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Q&A With Michael Thomas Ford
March 5, 2012 - Amy Phelps
Today I welcome Michael Thomas Ford, author of "Jane Vows Vengeance."
What made you decide to write a Jane Austen as a vampire story?
FORD: The idea came about during a conversation with my agent. We were discussing the state of publishing, and he commented that the only things selling were vampires and Jane Austen. I jokingly suggested that I should combine the two and write a novel about Jane Austen as a vampire. He thought it was a fun idea, so I played around with it and came up with what would become the first novel, Jane Bites Back.
Who is your favorite character to write?
FORD: I have a particular fondness for Lilith, the three-legged Chihuahua. She's based on my own three-legged Chi, Lillie, and all I have to do when I write her is channel what Lillie would probably say in a particular situation. It makes writing her a lot of fun.
Any other classic literary or modern writers you'd like to make into vampires?
FORD: I think I'm done turning literary figures into vampires. But if I were to take another stab at it I would probably pick someone like Henrik Ibsen, or maybe Flannery O'Connor. O'Connor would make a fascinating vampire. As far as current writers, I think Joyce Carol Oates would be my first choice.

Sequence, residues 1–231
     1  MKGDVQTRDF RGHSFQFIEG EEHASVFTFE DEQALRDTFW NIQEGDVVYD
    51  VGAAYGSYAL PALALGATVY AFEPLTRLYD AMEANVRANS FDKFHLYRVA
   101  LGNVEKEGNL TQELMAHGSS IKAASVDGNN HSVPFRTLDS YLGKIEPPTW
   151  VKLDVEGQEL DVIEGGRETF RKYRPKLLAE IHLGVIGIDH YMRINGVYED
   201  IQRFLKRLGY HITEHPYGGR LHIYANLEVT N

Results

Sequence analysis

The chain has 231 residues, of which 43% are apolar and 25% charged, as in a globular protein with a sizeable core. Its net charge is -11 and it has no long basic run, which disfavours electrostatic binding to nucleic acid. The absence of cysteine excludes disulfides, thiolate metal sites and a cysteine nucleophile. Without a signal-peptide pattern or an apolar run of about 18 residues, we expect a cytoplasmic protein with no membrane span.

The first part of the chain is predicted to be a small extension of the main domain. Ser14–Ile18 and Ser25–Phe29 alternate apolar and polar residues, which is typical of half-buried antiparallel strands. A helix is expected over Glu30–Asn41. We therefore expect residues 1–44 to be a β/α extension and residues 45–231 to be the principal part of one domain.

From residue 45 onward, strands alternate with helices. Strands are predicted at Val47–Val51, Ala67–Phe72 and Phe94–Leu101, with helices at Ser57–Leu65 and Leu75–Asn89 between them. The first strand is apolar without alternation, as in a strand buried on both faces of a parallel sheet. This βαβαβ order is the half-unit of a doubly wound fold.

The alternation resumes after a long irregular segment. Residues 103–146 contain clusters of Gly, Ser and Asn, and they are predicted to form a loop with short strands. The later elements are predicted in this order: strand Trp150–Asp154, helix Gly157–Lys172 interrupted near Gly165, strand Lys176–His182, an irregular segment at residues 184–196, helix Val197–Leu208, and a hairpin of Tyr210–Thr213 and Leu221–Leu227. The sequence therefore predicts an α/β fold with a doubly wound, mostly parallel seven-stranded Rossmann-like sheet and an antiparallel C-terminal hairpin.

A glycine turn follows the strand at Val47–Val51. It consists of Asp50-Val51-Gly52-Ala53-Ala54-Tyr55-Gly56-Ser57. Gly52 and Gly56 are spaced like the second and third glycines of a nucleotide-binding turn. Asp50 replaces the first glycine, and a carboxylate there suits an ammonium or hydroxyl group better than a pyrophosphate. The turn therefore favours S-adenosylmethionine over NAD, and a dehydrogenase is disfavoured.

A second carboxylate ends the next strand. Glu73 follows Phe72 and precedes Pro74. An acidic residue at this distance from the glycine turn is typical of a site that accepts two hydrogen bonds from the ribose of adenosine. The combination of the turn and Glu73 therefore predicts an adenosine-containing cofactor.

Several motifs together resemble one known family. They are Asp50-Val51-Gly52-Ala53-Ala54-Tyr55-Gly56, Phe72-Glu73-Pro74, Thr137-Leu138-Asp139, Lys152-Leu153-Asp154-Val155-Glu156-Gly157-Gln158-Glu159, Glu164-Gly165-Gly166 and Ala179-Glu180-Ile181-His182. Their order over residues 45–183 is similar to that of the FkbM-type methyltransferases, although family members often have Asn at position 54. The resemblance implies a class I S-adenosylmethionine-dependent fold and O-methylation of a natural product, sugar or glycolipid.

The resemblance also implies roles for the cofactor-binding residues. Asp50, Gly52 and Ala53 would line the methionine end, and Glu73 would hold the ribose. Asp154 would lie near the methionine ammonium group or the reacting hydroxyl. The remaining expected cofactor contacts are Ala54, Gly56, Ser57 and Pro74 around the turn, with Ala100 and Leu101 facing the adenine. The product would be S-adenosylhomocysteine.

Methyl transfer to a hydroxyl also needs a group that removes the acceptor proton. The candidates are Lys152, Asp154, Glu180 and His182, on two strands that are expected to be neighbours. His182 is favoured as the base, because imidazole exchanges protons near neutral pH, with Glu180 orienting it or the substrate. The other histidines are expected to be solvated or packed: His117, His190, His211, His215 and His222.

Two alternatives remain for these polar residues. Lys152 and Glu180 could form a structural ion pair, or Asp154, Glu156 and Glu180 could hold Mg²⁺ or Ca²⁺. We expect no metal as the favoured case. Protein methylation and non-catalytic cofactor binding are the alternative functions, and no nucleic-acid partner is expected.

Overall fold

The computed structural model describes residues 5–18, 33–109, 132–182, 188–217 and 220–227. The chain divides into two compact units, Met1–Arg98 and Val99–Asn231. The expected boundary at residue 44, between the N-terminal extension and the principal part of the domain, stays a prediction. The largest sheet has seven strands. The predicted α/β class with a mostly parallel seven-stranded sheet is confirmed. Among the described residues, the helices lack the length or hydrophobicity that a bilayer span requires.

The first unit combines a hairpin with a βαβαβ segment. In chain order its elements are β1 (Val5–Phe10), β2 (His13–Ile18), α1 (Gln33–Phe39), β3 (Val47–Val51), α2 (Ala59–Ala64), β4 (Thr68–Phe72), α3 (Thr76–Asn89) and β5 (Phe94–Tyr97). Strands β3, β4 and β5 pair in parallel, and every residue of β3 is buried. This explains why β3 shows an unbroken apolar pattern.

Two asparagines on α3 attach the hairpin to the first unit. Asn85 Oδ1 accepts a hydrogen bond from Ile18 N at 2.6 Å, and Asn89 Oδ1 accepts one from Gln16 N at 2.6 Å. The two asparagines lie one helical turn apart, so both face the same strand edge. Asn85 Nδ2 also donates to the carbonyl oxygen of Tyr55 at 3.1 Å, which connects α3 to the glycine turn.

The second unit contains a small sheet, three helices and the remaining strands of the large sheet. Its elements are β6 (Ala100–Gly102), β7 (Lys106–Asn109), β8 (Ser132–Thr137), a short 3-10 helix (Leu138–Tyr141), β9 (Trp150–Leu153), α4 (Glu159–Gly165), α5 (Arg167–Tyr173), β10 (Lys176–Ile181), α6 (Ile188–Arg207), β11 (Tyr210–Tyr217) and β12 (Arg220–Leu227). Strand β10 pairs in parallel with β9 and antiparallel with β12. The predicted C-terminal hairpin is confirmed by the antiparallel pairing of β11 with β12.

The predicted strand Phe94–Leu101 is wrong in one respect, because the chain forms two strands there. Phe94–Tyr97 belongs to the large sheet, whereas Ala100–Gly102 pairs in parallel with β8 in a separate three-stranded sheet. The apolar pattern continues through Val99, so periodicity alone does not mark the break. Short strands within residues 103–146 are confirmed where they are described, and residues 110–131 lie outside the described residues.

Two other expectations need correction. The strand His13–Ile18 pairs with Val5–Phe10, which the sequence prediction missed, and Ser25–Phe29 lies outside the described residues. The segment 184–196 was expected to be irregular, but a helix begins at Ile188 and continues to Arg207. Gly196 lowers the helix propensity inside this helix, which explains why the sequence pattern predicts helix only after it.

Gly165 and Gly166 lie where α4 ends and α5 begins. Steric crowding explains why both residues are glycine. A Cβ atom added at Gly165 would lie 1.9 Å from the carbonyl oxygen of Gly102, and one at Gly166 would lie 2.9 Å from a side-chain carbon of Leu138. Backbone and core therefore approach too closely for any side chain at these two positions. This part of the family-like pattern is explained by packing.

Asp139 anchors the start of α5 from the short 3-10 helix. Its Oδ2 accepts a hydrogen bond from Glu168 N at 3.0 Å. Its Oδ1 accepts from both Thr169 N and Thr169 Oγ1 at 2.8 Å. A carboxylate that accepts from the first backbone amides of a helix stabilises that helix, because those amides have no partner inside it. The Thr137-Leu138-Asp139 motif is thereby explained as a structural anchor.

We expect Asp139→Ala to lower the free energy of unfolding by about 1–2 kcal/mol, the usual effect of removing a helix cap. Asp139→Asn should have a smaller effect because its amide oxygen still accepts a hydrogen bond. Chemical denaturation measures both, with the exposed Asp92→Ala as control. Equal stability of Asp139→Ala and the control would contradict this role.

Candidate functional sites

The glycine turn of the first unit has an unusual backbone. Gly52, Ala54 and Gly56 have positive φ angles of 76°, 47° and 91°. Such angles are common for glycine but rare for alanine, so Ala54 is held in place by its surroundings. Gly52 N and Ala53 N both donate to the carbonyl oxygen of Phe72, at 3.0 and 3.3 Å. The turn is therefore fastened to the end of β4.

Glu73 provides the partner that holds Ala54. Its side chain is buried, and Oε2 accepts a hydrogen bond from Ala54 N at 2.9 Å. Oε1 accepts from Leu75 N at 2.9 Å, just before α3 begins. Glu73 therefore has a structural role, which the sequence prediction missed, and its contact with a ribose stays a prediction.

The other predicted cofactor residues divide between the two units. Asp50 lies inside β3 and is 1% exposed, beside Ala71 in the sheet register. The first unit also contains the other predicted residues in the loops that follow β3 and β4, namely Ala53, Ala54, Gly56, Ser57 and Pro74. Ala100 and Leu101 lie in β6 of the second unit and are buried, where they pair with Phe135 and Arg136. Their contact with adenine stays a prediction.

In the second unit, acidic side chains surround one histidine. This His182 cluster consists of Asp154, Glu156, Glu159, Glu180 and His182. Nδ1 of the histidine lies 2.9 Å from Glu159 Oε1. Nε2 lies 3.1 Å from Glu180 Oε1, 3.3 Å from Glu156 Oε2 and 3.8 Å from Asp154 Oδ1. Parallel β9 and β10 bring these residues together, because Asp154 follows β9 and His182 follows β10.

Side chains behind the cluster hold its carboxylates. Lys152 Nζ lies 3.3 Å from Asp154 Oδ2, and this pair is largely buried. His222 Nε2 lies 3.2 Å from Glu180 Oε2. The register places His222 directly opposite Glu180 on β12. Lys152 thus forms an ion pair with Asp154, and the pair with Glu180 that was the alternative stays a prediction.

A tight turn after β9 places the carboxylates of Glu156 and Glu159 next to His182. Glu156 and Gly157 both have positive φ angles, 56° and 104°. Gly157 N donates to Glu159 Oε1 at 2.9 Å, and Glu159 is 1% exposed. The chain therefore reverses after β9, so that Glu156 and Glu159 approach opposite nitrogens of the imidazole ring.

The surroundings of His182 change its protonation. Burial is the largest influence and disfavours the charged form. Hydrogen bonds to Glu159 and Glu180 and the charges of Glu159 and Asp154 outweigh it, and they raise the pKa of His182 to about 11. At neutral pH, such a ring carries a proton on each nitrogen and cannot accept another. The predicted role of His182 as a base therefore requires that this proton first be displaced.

What advice would you give aspiring young writers?
FORD: Figure out why it is that you want to write. If you're doing it because you want to be rich and famous, you're probably going to be disappointed, and you should look for an easier way to become rich and famous. But if you're doing it because you love writing and have something to say, you're much more likely to get enjoyment from it. Also, cultivate a wide circle of friends from whom you can borrow money.
Who or what inspires you when you get a case of writer's block?
FORD: I don't get inspired so much as I get panicked. The best inspiration for a writer is a looming mortgage payment or, in my case, vet bills. I have four dogs, all of them dented, and they're constantly at the vet for one thing or another.
Thank you, Michael Thomas Ford, and come back next week for a Q&A with Patricia Briggs!
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